getting out of bed

A Reason to Get Out of Bed 

In addition to having enough income, there are three elements to a successful and satisfying retirement: everyone needs to have meaning, purpose, and social contact. Work provides this for most of us during our working years. However, once we retire, there is nothing that will automatically fill these needs. Because there is nothing automatic to fill our days, we must be intentional about having something to do each day. Purpose refers to having something to do. Sometimes I call this “a reason to get out of bed every day.”

Regular and recurring. Some events happen the same time every day or the same day every week or month. These are the depressionfoundation of purpose. Because of their recurring and regular nature, they provide structure to your time. They are like the covers of a sturdy three ring binder. The other pieces can be moved around or added or removed, but regular recurring events are solid. You build the rest of your life around them or in relation to them. Too much structure is a prison. But too little leads to depression, obesity, alcoholism and an early death! (How’s that for dramatic?!) Here are some examples of regular and recurring things to get out of bed for:

  • Church or synagogue
  • Lions club or Blue star mothers
  • Coffee, breakfast, or lunch with the same crew every morning or every week (my grandparents had “coffee break” every morning at 10 and afternoon at 2 in their kitchen!)
  • Book club or Bible study
  • Volunteering the same shift each week at a hospital or thrift shop
  • Working out, playing tennis, running with a group each week

 Occasional events are things that happen from time to time. They may recur, but not often or regularly enough to structure your week or month. They are maintenance type issues. Fun things that happen occasionally we call Special Events. Examples of occasional events include:

  • Doctors and dentist appointmentspurpose
  • Tax preparation meeting
  • Voting
  • Meeting with your financial advisor
  • Haircuts (however, some people go every week or every other week and for them, haircuts are regular and recurring)

Mundane. Some things just have to be done, whether you like them or not. And having a to do list of mundane tasks fulfills our need for purpose. We get into trouble when there are too many mundane things and life gets boring. We can also get into trouble when we start to think mundane tasks are really important. I have a concept called “The Tyranny of the Trivial” and you can find that message on this website.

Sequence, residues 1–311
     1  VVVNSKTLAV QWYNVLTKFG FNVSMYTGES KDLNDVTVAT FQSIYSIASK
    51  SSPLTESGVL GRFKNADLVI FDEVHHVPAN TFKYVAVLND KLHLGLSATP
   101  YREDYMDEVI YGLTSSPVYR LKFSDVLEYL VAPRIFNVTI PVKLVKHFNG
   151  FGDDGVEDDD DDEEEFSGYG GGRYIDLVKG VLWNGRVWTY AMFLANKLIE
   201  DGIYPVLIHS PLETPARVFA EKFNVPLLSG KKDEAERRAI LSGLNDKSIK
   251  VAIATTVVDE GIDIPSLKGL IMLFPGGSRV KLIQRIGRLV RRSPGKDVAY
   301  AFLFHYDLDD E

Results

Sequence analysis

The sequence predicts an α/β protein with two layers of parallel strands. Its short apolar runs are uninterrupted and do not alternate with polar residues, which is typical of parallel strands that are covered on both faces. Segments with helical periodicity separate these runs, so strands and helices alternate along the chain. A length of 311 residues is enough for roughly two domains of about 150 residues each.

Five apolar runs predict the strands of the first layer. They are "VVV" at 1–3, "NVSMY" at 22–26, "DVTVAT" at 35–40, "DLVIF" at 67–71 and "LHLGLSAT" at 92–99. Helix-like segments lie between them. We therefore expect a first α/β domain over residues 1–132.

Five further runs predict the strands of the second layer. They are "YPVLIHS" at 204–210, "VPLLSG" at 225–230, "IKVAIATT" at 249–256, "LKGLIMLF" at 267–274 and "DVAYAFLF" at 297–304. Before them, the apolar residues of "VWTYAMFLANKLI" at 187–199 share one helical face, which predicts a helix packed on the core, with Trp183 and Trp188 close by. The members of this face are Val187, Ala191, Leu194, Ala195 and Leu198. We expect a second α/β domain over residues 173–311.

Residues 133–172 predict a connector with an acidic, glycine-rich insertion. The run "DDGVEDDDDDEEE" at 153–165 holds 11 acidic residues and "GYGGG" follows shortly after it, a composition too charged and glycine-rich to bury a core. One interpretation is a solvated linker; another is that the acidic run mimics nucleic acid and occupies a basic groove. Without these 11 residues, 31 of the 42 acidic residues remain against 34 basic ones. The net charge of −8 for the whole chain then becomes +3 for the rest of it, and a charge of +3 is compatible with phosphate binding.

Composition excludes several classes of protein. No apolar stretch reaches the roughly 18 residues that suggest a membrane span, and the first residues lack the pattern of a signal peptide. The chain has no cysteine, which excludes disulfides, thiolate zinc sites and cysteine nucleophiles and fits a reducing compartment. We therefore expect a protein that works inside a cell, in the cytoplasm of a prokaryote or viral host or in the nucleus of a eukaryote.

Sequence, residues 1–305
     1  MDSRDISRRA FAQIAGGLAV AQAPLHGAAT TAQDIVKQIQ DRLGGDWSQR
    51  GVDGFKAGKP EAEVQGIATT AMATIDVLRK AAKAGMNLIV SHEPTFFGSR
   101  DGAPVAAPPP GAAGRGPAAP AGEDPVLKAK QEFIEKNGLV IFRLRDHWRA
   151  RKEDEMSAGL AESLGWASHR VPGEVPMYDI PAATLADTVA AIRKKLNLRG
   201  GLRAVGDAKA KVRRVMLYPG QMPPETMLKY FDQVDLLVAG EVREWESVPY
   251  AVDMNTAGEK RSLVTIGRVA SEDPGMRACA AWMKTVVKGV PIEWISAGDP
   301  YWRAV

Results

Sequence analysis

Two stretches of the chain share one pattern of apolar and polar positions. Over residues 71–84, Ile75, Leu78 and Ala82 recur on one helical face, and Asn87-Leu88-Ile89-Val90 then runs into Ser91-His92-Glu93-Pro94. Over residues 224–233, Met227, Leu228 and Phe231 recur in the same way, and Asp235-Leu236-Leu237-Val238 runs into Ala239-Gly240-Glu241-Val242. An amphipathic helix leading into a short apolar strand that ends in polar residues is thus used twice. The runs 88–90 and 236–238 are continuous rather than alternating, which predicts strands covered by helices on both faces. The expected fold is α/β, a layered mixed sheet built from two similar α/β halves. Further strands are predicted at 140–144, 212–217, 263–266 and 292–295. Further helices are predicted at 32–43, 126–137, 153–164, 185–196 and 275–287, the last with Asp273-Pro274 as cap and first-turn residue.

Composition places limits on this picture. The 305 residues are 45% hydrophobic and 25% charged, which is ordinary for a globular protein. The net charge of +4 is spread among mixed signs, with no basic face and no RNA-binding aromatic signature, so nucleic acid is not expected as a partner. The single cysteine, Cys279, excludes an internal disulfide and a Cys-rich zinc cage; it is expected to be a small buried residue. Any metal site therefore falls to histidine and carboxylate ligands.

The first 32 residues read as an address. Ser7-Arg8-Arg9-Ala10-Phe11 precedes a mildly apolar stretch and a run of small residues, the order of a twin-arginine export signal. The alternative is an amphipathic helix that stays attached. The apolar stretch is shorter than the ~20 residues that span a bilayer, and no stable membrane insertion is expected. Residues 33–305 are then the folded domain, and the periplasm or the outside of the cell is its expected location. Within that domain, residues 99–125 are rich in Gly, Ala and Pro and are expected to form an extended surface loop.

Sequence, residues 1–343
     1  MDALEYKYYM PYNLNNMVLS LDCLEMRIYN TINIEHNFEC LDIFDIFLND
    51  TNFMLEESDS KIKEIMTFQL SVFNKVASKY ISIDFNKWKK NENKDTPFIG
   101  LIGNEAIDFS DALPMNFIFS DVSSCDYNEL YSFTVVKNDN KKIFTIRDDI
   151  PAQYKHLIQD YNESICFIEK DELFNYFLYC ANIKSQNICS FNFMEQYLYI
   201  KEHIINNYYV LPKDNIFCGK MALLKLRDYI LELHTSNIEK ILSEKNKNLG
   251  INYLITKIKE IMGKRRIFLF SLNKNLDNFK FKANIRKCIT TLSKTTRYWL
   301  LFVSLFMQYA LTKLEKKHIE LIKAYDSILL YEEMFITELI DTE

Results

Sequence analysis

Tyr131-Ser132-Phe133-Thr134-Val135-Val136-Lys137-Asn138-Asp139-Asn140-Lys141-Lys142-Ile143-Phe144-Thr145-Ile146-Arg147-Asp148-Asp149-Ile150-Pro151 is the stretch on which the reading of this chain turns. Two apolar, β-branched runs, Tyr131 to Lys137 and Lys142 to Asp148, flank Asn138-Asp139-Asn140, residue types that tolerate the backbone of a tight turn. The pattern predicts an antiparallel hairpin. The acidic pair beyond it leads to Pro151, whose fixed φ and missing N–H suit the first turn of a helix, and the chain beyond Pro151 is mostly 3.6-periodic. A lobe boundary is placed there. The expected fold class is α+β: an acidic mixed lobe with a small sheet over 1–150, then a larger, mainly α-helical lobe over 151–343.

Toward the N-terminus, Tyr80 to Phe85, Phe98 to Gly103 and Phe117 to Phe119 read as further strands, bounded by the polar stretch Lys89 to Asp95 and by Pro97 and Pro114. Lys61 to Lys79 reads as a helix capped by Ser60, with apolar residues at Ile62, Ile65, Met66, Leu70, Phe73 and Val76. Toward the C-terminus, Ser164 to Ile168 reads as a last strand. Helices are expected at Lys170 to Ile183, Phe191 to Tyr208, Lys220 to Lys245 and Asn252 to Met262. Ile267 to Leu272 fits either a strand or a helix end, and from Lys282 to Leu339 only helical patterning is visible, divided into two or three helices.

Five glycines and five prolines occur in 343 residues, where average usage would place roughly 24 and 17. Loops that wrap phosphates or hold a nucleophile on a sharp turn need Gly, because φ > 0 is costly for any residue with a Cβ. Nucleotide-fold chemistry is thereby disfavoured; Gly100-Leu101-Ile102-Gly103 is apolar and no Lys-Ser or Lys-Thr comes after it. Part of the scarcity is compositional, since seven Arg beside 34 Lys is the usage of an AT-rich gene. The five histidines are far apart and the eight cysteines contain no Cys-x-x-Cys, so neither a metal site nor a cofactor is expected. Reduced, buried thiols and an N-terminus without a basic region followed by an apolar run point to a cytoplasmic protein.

• Mowing the grass
  • Grocery shopping
  • Paying bills
  • Doing laundry
  • Picking up grandchildren from school or soccer

Special Events. Special events are fun! These are things we GET to do once in a while. Having a special event on the calendar weeks or months in advance gives you something to look forward to; it pulls you along, especially during lulls in your schedule or tough winter months in the north. Some special events I have heard about:

  • friendsClass reunions
  • Day trip to the beach
  • Vacation
  • Dates with your spouse
  • Dinner or a show with friends
  • Visit to or from out of town children or grandchildren
  • Sporting event
  • Hobby weekend: civil war reenacting, going to a NASCAR race


Income producing. As a finance guy, this is one of my favorite types of activities! Not only do you have something to do, you get a monetary reward. Receiving money is important. Of course the money is nice to help fund your other activities. But more than that, receiving money is a real psychological boost. Getting paid validates us. The money indicates that we are providing a valuable service and in turn, we feel valued. Having a part time, temporary, or intermittent job is a great idea for many retirees. Here are some of the part-time jobs my clients have taken:

  • Wedding Photographer
  • Photographer for an insurance agency (one client rode around on his bike taking pictures of the insured houses – and he got paid mileage to boot!)
  • Assembler at a home improvement storemoney
  • Consultant back to their industry: engineering, contract review, etc.
  • Election/poll worker
  • Township supervisor for a rural community
  • Golf course ranger/mechanic/pro shop sales
  • Retail sales for apparel, hardware, coffee shop
  • Substitute teacher/playground supervisor/paraprofessional
  • Teach classes in cooking, sewing, spin (indoor bicycle)
  • DNR summer job
  • Tax preparer assistant
  • Lifeguard



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